Happy hour may be an American invention, but credit for the civilized ritual of downing a pre-dinner drink or two must go to the French, who came up with the notion of l’heure de l’apéro—aperitif hour—long before the first modern cocktail was shaken or stirred. Think back to the late 19th century, when the denizens of fast-urbanizing France sought a quantum of alcoholic solace at the end of a hard working day. Many of them (probably too many, to be honest) chose to imbibe a recently invented anise-based drink called absinthe—nicknamed la fée verte, or green fairy, for its color—that rapidly became a popular mind-bender.
But not everyone in fin-de-siècle France wanted to join Toulouse-Lautrec and his cohorts of the demi-monde under the table at the Moulin Rouge. So they turned to other libations, some of which they imagined (or were led to believe) would not only do them some good but also whet their appetites.
Thus was born the tonic wine apéritif—a name derived from the Latin verb aperire, meaning to open—that served as an aromatic and appetite-arousing prelude to the evening meal. Aperitifs came in a multitude of flavors but were essentially alcohol-laced delivery systems for various elixirs and allegedly beneficial potions including quinine, a substance derived from the bark of the Peruvian cinchona—or quina-quina or kina-kina—tree, whose medicinal properties included the prevention and treatment of malaria.
Tonic wines based on quinine were known as quinquina whereas those that relied on wormwood to impart bitterness were called vermouths (from the German wermut for wormwood). The northern Italians were making proto-vermouths as early as the 18th century, but quinquinas only became popular in the 19th century when the therapeutic virtues of quinine were better known.
Seventeenth-century Jesuit missionaries in Peru first learned the use of cinchona bark for treating fevers, and introduced the remedy in Europe. It was adopted only slowly, but English apothecary Robert Talbor, whose secret formula using the “Jesuit’s powder” reportedly cured Louis XIV’s son, the dauphin, along with many other privileged patients—cures noted by Madame de Sévigné in her letters. But it was more than a century later, after French pharmacists Pierre-Joseph Pelletier and Joseph Caventou isolated the bark’s active ingredient in 1820, and made their process open-source, that the medical use of quinine became widespread.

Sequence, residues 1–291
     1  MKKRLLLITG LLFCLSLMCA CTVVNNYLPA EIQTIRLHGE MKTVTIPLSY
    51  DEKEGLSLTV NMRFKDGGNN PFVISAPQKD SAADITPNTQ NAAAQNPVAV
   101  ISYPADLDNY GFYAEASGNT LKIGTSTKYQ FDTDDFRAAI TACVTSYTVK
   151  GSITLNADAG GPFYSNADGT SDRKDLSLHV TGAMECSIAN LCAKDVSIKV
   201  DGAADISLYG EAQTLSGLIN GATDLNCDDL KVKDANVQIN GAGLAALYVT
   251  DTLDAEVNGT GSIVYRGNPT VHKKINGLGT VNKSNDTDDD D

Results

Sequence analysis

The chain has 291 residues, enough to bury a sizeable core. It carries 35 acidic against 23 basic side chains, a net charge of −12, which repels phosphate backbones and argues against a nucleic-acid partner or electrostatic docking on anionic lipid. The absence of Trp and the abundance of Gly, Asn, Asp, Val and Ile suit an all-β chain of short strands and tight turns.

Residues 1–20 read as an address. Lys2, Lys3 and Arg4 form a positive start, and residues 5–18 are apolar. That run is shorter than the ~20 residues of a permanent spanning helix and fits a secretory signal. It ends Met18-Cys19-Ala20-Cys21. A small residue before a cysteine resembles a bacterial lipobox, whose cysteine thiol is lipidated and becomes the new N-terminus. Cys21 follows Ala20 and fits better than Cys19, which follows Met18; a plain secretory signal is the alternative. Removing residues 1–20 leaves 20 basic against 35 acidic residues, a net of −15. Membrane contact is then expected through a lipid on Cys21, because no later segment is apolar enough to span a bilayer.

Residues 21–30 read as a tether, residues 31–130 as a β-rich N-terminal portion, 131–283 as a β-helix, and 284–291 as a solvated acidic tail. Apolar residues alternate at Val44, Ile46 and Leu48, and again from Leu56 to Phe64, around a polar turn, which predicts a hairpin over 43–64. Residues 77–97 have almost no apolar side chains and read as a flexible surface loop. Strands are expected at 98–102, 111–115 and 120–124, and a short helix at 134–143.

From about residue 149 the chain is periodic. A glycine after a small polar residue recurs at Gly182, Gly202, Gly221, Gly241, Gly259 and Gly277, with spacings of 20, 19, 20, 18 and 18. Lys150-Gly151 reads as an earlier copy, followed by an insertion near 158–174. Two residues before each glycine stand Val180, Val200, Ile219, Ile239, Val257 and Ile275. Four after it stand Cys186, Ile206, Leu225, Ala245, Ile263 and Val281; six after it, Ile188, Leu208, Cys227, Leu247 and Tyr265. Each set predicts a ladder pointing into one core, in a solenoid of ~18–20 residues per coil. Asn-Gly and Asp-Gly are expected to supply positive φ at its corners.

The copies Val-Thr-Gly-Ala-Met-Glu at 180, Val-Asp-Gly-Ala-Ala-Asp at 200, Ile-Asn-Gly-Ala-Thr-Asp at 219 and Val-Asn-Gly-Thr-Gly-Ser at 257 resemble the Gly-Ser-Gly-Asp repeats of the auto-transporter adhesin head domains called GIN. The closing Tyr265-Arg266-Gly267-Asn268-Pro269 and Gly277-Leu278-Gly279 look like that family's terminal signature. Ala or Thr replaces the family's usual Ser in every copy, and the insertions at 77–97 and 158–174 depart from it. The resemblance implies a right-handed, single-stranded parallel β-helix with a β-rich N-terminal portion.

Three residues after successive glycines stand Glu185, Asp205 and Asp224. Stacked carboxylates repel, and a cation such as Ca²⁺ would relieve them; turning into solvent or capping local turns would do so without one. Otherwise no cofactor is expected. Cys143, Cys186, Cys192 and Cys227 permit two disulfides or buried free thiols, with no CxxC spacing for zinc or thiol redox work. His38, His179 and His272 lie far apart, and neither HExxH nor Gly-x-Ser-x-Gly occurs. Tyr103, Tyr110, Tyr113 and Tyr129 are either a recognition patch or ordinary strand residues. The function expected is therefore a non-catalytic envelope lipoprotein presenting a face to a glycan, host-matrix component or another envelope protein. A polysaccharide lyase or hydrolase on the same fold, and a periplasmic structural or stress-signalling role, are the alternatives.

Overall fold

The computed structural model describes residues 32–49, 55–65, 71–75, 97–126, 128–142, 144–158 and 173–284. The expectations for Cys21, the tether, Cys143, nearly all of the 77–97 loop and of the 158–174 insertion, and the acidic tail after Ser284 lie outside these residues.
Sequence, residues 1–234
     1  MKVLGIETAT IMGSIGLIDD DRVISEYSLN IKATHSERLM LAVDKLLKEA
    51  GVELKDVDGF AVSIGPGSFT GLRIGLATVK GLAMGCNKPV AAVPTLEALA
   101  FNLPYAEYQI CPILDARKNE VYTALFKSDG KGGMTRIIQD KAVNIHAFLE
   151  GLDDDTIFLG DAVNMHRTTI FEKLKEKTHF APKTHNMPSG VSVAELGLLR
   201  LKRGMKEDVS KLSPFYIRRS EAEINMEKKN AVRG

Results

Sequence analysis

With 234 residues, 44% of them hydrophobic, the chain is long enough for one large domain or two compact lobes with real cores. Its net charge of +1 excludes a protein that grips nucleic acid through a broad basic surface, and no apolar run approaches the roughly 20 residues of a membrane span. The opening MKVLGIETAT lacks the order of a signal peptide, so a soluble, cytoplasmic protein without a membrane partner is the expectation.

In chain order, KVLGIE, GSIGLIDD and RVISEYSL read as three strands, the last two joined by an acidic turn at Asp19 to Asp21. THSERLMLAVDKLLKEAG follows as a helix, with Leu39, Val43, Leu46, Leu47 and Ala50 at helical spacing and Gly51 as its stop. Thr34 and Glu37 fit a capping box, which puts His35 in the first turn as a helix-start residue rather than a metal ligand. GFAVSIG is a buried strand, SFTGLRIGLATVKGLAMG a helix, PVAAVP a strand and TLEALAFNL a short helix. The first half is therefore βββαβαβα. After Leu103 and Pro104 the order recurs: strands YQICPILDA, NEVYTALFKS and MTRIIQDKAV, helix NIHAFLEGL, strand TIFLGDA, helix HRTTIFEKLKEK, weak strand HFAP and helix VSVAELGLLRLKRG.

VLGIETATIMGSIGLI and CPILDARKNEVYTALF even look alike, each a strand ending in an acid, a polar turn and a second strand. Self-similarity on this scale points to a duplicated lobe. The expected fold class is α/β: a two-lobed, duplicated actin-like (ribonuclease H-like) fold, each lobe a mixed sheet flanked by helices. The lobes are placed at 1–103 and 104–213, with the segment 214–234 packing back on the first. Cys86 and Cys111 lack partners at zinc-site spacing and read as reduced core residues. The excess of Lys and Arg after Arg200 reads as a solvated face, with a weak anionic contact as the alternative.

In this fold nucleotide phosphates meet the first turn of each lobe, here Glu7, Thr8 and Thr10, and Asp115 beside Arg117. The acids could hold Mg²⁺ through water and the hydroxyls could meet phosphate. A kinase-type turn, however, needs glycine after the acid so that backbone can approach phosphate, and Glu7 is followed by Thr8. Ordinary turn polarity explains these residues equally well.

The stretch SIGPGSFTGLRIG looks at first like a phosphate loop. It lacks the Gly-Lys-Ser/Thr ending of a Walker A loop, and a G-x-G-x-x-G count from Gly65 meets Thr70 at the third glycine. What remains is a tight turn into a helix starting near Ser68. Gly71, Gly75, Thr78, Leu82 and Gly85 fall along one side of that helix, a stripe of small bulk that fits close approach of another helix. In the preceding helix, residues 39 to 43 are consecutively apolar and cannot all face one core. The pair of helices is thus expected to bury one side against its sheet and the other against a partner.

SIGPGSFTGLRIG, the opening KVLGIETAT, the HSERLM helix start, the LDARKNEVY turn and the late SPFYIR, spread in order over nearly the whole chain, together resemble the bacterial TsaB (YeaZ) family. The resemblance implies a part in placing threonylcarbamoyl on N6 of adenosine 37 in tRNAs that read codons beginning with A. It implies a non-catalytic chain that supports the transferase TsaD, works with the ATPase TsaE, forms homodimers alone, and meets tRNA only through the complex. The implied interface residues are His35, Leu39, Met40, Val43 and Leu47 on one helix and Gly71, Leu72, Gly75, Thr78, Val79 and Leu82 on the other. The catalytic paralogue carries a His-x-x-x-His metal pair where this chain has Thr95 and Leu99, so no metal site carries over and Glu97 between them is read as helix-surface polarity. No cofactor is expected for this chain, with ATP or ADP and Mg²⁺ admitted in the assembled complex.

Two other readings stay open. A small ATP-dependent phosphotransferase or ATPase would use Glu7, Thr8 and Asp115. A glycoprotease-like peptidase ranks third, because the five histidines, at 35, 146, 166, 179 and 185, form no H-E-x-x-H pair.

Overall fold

Saints and sippers
Aperitifs did not lag far behind. An early brand, launched in 1830 and still around, was St. Raphaël, named by a certain Docteur Juppet who, according to company lore, became blind while researching the formula for his quinine-based drink and recovered his sight after praying to Raphael, the biblical archangel credited with restoring the sight of blind Tobias. Sixteen years later, Parisian pharmacist Joseph Dubonnet inadvertently joined the ranks of apéro producers when he entered a French government competition to make bitter quinine a more palatable prophylactic for the French Foreign Legion in malaria-ravaged Africa. Legend has it that Madame Dubonnet liked her husband’s concoction so much that she started serving it to her friends, who spread the good word far and wide.
Fast forward to 1887 when Bordeaux wine and spirit merchants Paul and Raymond Lillet decided to launch their own aperitif using their local wines and exotic fruits imported from the Caribbean Islands and other far-flung shores. Their golden-hued drink, matured and macerated in oak casks, blended sauvignon blanc, semillon and muscadelle white wines from the banks of the Gironde River near their home base in the village of Podensac, but also citrus liqueurs made from sweet Spanish and North African oranges and bitter green ones from Haiti. And of course there was also the infusion of therapeutic quinine from the kina-kina tree to “bitter” the blend, which is why Lillet in its original incarnation was known as Kina Lillet.